Positive definite quadratic forms proof

In summary, W. shows that if A is positive definite, then A = (B^T)B and that if A is positive semidefinite, then there exists a (possibly singular) real matrix Q such that A = (Q^T)Q. He also provides a solution to the second part of the homework equation if one can show that the assumption of D having all positive entries is necessary.
  • #1
wakko101
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0

Homework Statement


Given a real symmetric matrix A, prove that:

a) A is positive definite if and only if A = (B^T)B for some real invertible matrix B
b) A is positive semidefinite if and only if there exists a (possibly singular) real matrix Q such that A = (Q^T)Q

Homework Equations


quadratic form q(x) = a1*x1^2 + ... + an*xn^2
And possibly the principal axis theorem.

The Attempt at a Solution


for part a) I think I know how to show that A is pos def if you assume A = (B^T)B:
(P^T)AP = D = (P^T)(B^T)BP = ((PB)^T)PB which implies the diagonal entries of the diagonal matrix D are positive since row of (A^T) = column of A.
I'm not sure how to do it the other way, however. Any hints or advice would be appreciated.

Cheers,
W. =)
 
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  • #2
For the "only if" part of (a), do you know a theorem that allows you to express any symmetric matrix in the form

[tex]A = U^T D U[/tex]

where [itex]U[/itex] is a unitary matrix (in fact, orthogonal since [itex]A[/itex] is real in your case) and [itex]D[/itex] is a diagonal matrix? If [itex]A[/itex] is positive definite, what can you say about the elements of [itex]D[/itex]?

Also, I'm not sure I buy your proof of the "if" part. A matrix [itex]A[/itex] is positive definite if for every real vector [itex]x[/itex],

[tex]x^T A x \geq 0[/tex]

If [itex]A = B^T B[/itex], then what does that imply about [itex]x^T A x[/itex]?
 
  • #3
I'm not entirely sure this is correct, but I've come up with the following:

If (X^T)AX > 0 then we have (Y^T)DY > 0 (for X = PY and D = (P^T)AP). This implies that the entries on the diagonal matrix D (the eigenvalues) are all positive. So, write D = (Q^T)Q where Q is the diagonal matrix of the square roots of D's elements. Then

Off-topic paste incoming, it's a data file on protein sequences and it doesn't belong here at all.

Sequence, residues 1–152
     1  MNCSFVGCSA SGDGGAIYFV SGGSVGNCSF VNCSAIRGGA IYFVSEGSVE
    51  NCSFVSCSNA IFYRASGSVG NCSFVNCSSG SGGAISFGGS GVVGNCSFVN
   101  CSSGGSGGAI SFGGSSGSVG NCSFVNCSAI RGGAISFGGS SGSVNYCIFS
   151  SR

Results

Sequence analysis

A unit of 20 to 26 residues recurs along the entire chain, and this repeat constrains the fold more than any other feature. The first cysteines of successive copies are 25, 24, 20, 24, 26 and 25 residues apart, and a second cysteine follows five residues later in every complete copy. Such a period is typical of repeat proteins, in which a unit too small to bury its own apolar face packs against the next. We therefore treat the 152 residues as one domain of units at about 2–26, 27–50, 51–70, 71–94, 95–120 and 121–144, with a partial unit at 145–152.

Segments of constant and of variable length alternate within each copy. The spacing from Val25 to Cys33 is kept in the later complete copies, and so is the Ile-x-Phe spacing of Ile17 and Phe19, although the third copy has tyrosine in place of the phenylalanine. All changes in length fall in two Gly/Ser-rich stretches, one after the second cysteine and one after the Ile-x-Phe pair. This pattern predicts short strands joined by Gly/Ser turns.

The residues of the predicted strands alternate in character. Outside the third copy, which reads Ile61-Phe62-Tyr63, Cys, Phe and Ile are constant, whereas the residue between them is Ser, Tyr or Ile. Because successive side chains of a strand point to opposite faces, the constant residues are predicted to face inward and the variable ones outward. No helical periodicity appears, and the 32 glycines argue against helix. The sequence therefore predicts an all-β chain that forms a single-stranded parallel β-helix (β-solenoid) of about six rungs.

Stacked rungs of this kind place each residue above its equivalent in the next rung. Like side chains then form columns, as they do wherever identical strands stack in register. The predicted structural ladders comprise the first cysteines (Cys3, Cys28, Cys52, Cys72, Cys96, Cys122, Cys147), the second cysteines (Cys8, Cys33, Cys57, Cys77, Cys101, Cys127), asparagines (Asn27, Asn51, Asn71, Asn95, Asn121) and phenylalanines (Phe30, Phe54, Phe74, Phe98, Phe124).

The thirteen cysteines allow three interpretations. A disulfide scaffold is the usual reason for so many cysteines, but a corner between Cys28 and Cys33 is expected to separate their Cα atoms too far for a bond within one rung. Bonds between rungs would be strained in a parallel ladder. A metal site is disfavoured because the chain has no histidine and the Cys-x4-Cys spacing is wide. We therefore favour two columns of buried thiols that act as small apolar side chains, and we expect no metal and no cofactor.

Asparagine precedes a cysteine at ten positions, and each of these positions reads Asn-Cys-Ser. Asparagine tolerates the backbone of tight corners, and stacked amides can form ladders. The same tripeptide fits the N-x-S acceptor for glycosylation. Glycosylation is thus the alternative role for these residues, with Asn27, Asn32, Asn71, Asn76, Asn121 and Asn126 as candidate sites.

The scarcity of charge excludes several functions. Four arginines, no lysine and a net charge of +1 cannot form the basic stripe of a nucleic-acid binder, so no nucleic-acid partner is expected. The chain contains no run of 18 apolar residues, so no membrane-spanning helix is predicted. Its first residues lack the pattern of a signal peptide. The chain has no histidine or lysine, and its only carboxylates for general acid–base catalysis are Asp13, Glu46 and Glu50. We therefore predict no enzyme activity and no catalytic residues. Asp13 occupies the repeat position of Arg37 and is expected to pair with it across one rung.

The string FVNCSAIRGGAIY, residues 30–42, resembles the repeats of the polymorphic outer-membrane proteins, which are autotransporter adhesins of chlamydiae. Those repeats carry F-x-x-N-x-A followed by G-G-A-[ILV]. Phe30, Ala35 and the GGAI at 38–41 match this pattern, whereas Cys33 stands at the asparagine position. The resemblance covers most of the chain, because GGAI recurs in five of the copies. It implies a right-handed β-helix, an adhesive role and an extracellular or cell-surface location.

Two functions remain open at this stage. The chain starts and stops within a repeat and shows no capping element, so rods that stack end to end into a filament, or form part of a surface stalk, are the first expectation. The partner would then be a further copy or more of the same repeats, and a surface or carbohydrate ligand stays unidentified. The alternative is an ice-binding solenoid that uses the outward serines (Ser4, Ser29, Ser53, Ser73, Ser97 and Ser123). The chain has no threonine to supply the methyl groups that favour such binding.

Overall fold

D = (Q^T)Q = (P^T)AP = (P^1)AP (since P is orthogonal)
then P(Q^T)Q(P^1) = A
then (PQ)(Q^T)(P^T) (since (Q^T) = Q)
then (PQ)(PQ)^T = A
Take B = (PQ)^T and we have the result.

As for the other part, I don't think I quite finished my reasoning before...if we can show that the assumption requires that D have all positive entries (take them to be a1 to an) then q(v) = a1*xa^2 + ... + an*xn^2 will necessarily be positive. And since D = (PB)^T(PB) then they must be positive because the diagonal entries of D (which are the only ones that are not 0) are the rows of the transpose of PB multiplied by the columns of PB and these are the same vectors.

Cheers,
W. =)
 

1. What is a positive definite quadratic form?

A positive definite quadratic form is a mathematical expression that involves the square of variables, with all coefficients being positive. It can be written in the form of Q(x) = xTAx, where x is a vector of variables and A is a symmetric matrix with positive eigenvalues.

2. How do you prove that a quadratic form is positive definite?

To prove that a quadratic form is positive definite, we need to show that for any non-zero vector x, Q(x) > 0. This can be done by using the eigenvalues of the matrix A and showing that all of them are positive. Another method is to use the Sylvester's criterion, which states that a symmetric matrix is positive definite if and only if all its leading principal minors are positive.

3. What is the importance of positive definite quadratic forms?

Positive definite quadratic forms have many applications in mathematics and other fields such as physics, engineering, and computer science. They are used to find the minimum or maximum values of a function, and to determine the nature of critical points. They also have important applications in optimization problems and in the study of differential equations.

4. Can a quadratic form be both positive definite and negative definite?

No, a quadratic form can only be either positive definite or negative definite. If a quadratic form is both positive definite and negative definite, it means that all its eigenvalues are both positive and negative, which is not possible. However, a quadratic form can also be indefinite, which means that it can take both positive and negative values depending on the input vector.

5. Are there any other criteria for positive definiteness of a quadratic form?

Yes, apart from the Sylvester's criterion, there are other criteria such as the Cholesky decomposition, which states that a symmetric positive definite matrix can be written as the product of a lower triangular matrix and its transpose. Another criterion is the positive definiteness of the Hessian matrix, which is the matrix of second derivatives of a multivariate function.

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